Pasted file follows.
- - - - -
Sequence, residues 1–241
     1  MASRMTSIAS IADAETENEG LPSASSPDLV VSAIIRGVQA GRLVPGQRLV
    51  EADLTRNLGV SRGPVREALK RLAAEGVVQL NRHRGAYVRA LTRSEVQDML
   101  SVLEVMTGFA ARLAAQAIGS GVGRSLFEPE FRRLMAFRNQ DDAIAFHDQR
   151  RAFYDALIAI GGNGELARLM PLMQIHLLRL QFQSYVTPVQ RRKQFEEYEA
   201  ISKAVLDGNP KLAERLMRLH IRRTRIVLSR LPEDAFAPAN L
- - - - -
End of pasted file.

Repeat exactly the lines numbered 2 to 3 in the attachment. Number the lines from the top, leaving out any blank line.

     1  MASRMTSIAS IADAETENEG LPSASSPDLV VSAIIRGVQA GRLVPGQRLV
    51  EADLTRNLGV SRGPVREALK RLAAEGVVQL NRHRGAYVRA LTRSEVQDML